The United States has been one of the few bright spots for climate-change policy in recent years. Thanks to the recession, improved efficiency measures and the shale-gas boom, the nation's carbon-dioxide emissions from energy fell 12 percent between 2005 and 2012.

But the party's now officially ending, at least for those worried about global warming. In an early estimate, the U.S. Energy Information Administration says that U.S. carbon-dioxide emissions from energy sources increased 2 percent in 2013:

emissions rising

What happened? The big story here, as usual, involves coal and natural gas. Namely, U.S. electric utilities burned a bit more coal and a bit less natural gas in 2013. And, since coal emits more carbon when burned for electricity, that increased emissions:


Energy analysts were predicting coal's rebound back in March, and it all comes down to prices. The shale fracking boom had pushed natural gas prices to unsustainably low levels — down to a dirt-cheap $2 per million BTUs in 2012. As a result, electric utilities have been switching to natural gas as fast as they could since 2006. The chart above shows that nicely.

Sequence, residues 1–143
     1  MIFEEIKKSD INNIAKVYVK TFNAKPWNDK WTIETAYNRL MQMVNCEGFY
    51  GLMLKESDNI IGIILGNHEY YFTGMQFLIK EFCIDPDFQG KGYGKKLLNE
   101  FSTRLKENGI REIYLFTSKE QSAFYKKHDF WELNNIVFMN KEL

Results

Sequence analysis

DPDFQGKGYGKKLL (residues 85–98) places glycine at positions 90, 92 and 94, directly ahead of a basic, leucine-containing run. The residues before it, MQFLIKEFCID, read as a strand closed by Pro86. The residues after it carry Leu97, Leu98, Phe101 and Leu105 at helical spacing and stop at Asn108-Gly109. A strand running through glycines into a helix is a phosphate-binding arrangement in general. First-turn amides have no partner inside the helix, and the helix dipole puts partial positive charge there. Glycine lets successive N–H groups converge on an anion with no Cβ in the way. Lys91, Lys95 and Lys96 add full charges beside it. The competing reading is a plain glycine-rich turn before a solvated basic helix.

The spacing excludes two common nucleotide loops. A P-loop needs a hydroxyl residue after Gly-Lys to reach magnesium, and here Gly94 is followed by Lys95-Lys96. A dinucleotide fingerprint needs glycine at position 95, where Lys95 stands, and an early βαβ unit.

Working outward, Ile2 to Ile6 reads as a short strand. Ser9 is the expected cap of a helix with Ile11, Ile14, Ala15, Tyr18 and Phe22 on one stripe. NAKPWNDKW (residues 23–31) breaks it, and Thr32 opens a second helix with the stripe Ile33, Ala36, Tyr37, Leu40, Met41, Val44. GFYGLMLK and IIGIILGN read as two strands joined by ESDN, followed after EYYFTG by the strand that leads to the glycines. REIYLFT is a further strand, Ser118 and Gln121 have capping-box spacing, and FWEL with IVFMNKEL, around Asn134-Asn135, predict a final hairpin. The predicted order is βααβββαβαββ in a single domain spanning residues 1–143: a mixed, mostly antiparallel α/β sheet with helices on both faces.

But prices crept up again this year past $4 per million BTUs, thanks to colder winters, higher demand for heating fuel, scaled-back drilling, and also new storage facilities that are preventing a glut of gas on the market. As a result, some electric utilities found it economical to shift back to coal. That increased emissions.

Now, U.S. energy-related carbon emissions are still 10 percent below 2005 levels. But President Obama has set a goal of 17 percent below 2005 levels by 2020. And the administration has already conceded that the nation likely won't get there without further hard caps on power-plant emissions — something the Environmental Protection Agency is now working on.

Also, as an important asterisk: The EIA is only counting carbon-dioxide emissions from energy sources like coal, natural gas, and oil. This makes up about 84 percent of all of America's greenhouse-gas emissions. But it leaves out other potent, heat-trapping gases like methane, which can leak out of natural gas operations, landfills, and farms. The EPA takes its own detailed inventory of those emissions, but a full assessment of last year won't be out until 2015.

Further reading: 

-- Here's a look at how carbon emissions fell in 2012. Natural gas wasn't the only factor; improved efficiency for buildings and vehicles played a big role, too.

-- Here's a more detailed look at the Obama administration's plan to bring emissions down 17 percent by 2020. Note that this is only a first step toward broader international efforts to tackle climate change. It's not sufficient on its own.